What were the biggest emotions you experienced?
Retrospectively I found it interesting that I was only angry at the woman involved in his relationship, perhaps because at the time I still loved him. My biggest emotions were shame, utter devastation at the way things had turned out, and relief. I was relieved when a decision was reached, 18 months in, that we would divorce. I was relieved not to have to wonder or feel confused and desperately hopeful yet despairing any longer. In the early days I can vividly recall sitting on the floor of my flat, sobbing, with my heart in physical pain, and the sickening feeling of reading through things that had been said. It doesn’t hurt anymore but I can truly understand the horrendous double grief of betrayal and loss.
How did you practically separate?
We flitted back and forth between living together and not, living with friends (me) and family (him) for a while too. We then lived together while separated which was emotionally draining and physically awkward. Ultimately he moved out when I gave an ultimatum of ‘her or me’ but his belongings remained for about a year. When we reached a decision on divorcing, I chose to pack up his things and for him to collect them with my present. I explain more in my book but in essence this was my ‘safe’ space by then, and my independent home, and I didn’t want either compromised by him being there along or looking through my things. Thankfully he agreed to this arrangement and a family member joined me as he moved out his things to support me.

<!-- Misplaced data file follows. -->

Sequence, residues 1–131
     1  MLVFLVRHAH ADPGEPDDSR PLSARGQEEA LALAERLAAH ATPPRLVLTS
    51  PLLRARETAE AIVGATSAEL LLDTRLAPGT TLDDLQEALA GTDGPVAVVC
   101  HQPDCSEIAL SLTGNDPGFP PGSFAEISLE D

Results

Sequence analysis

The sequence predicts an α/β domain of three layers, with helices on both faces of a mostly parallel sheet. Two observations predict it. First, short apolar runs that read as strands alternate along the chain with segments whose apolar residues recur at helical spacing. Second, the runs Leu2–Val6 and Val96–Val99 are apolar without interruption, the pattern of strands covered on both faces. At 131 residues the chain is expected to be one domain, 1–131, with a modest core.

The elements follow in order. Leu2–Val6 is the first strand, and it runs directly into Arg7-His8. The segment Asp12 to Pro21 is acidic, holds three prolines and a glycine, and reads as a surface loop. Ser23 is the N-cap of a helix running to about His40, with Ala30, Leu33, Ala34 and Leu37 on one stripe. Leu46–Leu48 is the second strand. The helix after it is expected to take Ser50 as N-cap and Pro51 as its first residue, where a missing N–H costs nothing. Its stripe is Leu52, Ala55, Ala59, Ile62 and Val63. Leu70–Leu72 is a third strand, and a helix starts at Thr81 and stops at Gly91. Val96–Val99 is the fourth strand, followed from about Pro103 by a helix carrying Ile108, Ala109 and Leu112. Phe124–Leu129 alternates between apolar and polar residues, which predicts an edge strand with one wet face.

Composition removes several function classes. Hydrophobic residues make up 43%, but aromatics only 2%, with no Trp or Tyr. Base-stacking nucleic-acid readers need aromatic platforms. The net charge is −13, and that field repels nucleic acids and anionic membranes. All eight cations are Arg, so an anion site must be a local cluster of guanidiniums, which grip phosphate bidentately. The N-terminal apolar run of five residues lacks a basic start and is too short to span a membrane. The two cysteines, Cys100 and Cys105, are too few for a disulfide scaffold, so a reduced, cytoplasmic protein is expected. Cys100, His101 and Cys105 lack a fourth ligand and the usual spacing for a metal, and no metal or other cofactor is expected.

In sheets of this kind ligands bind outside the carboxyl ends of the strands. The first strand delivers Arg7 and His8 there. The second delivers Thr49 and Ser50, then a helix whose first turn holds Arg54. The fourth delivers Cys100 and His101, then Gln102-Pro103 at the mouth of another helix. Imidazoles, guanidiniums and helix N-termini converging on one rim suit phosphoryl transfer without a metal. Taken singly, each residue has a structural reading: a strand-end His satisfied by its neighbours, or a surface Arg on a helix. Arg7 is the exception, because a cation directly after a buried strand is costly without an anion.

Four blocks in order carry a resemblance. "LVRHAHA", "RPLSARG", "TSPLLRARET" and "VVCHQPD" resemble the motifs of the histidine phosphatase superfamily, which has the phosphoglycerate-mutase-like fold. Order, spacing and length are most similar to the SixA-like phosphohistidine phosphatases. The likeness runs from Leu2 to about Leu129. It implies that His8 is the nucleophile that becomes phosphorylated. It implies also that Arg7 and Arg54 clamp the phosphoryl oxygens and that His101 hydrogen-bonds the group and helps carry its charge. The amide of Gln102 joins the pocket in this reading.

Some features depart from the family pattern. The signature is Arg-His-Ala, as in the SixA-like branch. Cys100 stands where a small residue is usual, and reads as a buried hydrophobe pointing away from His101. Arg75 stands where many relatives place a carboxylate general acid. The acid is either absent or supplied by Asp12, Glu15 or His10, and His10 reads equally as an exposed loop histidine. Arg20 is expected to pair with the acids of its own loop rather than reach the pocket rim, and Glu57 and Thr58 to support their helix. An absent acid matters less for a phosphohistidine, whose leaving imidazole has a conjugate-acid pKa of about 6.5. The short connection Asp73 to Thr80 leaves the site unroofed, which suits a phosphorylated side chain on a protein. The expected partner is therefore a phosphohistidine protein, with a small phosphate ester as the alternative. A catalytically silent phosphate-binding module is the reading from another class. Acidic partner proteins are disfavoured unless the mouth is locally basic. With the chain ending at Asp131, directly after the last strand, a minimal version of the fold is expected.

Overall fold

What have you done with memorabilia from your marriage?
So I think most of it is still in storage at my parents’..! It’s one of those things I keep meaning to get rid of and sell on but never quite get round to… I plan to sell my wedding dress and other various things like that. I’m not sure what to do with the photos really, but I still have the album (I think?). It’s actually fun seeing photos of family and friends from so long ago, if you leave out the actual wedding element. I sold my engagement ring, which is a story in itself you can find here. I really do need to get round to sorting all this…
What were some of your most memorable elements of that time of your life?